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Can't pay business rates? A Worried Director's Guide

Written by Robert Moore Marketing Manager 4 April 2022

Can't pay business rates - Worried Director's Guide

If you can't pay your business rates it may be because you need to get extra reliefs from your local council or even challenge the amount that you have to pay. As such it is worth understanding what they are and how they are calculated.

How are business rates calculated and what do you pay?

Business rates are taxes charged on most non-domestic properties, so for commercial purposes rather than residential i.e., shops, pubs, factories, holiday rental homes. Business rates are set as a percentage of a predicted rent that the premises could be worth in the open market, if it was rented out on a yearly basis. This is variable and based on the assessment of each business, comprising multiple factors. This explains why properties located in more desirable places i.e. a busy high street, attract higher business rates.

So, if the rateable value of the property is £50,000 per year you will pay 47.9% of this value (the multiplier) in taxes.  

Be aware that the rateable value is not the amount you pay, it just assists in formation of the calculation of the exact rate/amount to pay. Your local council will issue a business rates bill each year (normally February/March time) for the following tax year.

For more guidance on this you can visit the Rating Valuation page of the Government website. 

Can my business rate value be challenged?

It is possible to challenge your rateable value if it is incorrect. However, this is only advisable if the actual property has changed in its layout or has been impacted by other external factors such as infrastructure changes or access.  Ultimately, there must be a valid reason to support your appeal.

It is advised for you to research thoroughly before contesting, especially since an appeal could work in the outcome not expected, with the rateable value increasing. So do make sure to look for the rates of similar properties in the area (here) and compare - bearing in mind the varying factors which can contribute to differences.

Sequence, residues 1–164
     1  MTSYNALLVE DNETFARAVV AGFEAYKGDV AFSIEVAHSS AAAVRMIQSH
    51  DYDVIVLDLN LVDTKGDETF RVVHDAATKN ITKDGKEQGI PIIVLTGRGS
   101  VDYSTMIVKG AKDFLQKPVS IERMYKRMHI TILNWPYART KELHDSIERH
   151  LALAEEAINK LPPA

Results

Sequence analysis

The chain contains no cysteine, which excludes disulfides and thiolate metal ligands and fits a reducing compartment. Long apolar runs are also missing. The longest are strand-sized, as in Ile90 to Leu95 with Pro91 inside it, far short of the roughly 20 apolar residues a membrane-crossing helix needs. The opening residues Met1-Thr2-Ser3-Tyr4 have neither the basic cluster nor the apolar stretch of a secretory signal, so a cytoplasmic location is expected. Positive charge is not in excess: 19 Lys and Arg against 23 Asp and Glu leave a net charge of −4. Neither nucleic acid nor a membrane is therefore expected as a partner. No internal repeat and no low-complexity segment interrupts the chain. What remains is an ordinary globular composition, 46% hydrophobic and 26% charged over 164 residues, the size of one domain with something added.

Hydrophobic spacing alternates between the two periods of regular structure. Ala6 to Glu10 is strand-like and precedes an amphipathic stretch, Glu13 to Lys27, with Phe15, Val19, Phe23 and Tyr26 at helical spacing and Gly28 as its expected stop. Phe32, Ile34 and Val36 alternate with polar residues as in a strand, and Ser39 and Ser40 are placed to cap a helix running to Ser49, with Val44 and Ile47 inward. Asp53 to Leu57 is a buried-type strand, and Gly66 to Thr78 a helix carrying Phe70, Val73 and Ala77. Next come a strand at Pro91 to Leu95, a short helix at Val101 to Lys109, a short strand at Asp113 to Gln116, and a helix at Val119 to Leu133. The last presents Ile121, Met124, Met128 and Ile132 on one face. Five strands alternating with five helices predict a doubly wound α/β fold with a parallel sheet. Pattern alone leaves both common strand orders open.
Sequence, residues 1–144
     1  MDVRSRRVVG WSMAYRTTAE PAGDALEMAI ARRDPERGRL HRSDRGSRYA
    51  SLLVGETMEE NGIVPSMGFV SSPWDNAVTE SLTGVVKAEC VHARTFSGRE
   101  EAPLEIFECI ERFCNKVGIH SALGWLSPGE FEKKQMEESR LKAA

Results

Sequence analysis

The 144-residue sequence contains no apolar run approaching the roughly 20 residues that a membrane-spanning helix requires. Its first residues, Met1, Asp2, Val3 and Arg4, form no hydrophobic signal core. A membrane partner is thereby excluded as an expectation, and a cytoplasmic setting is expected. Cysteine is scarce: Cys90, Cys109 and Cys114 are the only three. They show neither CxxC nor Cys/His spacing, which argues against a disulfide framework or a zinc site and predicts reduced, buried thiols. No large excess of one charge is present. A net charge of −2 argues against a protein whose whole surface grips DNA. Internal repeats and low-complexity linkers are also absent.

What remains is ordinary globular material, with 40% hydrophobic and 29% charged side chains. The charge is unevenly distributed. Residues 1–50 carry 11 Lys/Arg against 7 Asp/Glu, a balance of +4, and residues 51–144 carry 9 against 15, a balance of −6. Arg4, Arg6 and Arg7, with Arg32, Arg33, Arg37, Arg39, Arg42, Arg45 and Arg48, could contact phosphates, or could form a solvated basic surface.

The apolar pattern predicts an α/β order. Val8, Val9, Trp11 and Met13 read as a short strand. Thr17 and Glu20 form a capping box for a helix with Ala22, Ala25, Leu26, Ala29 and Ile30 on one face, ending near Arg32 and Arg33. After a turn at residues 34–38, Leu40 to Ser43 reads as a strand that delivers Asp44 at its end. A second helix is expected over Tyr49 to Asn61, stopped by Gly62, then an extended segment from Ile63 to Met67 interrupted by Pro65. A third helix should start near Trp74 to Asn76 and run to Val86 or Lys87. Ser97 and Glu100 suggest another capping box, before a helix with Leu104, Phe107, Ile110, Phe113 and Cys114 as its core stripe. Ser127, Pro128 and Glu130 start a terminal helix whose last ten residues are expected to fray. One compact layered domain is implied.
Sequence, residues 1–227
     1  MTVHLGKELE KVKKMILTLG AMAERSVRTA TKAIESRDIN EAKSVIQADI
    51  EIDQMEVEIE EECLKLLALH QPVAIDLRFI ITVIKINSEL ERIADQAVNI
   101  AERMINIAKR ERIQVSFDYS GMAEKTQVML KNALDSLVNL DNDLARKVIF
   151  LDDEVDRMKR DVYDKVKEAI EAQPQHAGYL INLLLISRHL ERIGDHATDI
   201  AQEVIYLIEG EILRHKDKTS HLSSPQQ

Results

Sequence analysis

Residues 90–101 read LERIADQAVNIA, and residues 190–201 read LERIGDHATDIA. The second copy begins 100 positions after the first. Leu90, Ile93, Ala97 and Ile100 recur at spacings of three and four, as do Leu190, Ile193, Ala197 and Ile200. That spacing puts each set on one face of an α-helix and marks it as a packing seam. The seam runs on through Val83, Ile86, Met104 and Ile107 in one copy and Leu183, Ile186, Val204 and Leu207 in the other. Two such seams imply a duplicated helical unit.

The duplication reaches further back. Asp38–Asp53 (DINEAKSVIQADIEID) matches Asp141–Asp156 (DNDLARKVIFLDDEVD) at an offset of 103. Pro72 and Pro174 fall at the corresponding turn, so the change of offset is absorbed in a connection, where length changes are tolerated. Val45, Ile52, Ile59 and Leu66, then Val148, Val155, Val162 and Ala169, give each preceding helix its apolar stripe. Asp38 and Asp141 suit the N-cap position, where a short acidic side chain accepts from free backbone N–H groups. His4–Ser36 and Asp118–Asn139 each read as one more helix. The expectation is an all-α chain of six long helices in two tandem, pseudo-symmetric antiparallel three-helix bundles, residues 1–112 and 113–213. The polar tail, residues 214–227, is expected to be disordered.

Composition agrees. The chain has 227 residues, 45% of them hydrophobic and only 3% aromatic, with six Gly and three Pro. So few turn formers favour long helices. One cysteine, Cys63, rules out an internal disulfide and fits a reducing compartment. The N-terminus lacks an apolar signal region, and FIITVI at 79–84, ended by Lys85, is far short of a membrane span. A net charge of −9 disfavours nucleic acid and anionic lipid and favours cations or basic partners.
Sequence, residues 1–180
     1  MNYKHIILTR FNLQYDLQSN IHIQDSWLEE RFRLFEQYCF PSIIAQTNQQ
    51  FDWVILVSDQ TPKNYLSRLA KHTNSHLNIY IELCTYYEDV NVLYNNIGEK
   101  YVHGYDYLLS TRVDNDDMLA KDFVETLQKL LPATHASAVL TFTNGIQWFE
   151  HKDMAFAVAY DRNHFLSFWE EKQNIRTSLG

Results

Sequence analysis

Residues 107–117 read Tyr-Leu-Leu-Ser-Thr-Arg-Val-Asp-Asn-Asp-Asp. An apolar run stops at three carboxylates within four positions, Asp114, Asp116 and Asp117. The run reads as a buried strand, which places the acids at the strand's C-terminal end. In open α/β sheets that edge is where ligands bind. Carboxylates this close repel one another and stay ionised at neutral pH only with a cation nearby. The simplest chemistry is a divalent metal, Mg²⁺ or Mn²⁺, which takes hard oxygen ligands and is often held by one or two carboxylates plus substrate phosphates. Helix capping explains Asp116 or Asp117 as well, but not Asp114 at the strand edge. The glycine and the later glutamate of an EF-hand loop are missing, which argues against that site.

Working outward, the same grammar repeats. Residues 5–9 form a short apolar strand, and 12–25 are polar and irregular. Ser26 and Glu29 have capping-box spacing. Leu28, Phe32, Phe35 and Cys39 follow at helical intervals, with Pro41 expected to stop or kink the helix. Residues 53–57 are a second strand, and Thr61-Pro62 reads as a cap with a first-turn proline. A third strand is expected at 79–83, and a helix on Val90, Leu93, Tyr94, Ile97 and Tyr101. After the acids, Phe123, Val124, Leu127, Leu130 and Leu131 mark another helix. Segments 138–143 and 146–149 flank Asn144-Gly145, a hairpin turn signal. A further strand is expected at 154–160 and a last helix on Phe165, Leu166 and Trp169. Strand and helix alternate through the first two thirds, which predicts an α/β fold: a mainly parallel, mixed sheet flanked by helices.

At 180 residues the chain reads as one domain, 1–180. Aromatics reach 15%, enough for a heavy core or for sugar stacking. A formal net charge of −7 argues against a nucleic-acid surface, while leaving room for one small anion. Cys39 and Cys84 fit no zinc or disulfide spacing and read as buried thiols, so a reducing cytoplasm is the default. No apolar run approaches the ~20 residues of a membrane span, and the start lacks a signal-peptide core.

If you are struggling to pay your business rates, what can you do?

Not just this cohort, but currently many retailers and small businesses are facing the prospect that they will not be able to pay the business rates to their local council, often forcing them to shut up shops.

However, this does not always need to be the case. Options are available if you are struggling to pay.

Firstly, it should also be noted that there are business rate relief schemes; check if you are eligible as this could work in your favour.

For those not meeting the relief scheme criteria, if you are having difficulty with payments, the first thing to do should be to contact your local council. Of course, it is never easy to admit the struggle to pay, but it is better to be honest that not, especially since 2010, when legislation meant that landlords must pay the full business rate for empty properties. Therefore, if they do not agree to work something out to keep the tenant in, then they will be left with the bill if the long run. So, if you discuss first, some sort of agreement may be settled, outlining a payment plan going forward, in your favour.

A company voluntary arrangement (CVA) is therefore an option. This is a formal deal which allows up to 60% of unsecured debt to be written off so you have substantially less to pay back in a debt repayment plan. The local council lists as an unsecured creditor in a CVA, so a proportion of business rate debt can actually be written off. 

Alternate sources of finance should be considered since new funding could free up cash flow and allow you to settle some financial commitments. See various options here.

A creditors voluntary liquidation (CVL) may be an option you resort to – this is when the company director decides to liquidate the insolvent business.

And what happens if I do not pay?

Since business rates are run by local councils, they have the power to implement measures if payments are late or not paid at all. This involves:

  • Reminder letter (giving 7 days to pay)
  • Issuing a summons (the council inform you their attention to apply for a liability order)
  • Liability order goes ahead
  • Bailiff action can commence
  • Insolvency proceedings

Just make sure to communicate with licensed insolvency practitioners like ourselves, before taking any action as we can assist with your best options and help you avoid any unnecessary consequences.


If you can’t pay business rates, VAT or PAYE, see our advice pages in the HMRC and VAT section of the website. 

Categories: Retail, Implications for Directors

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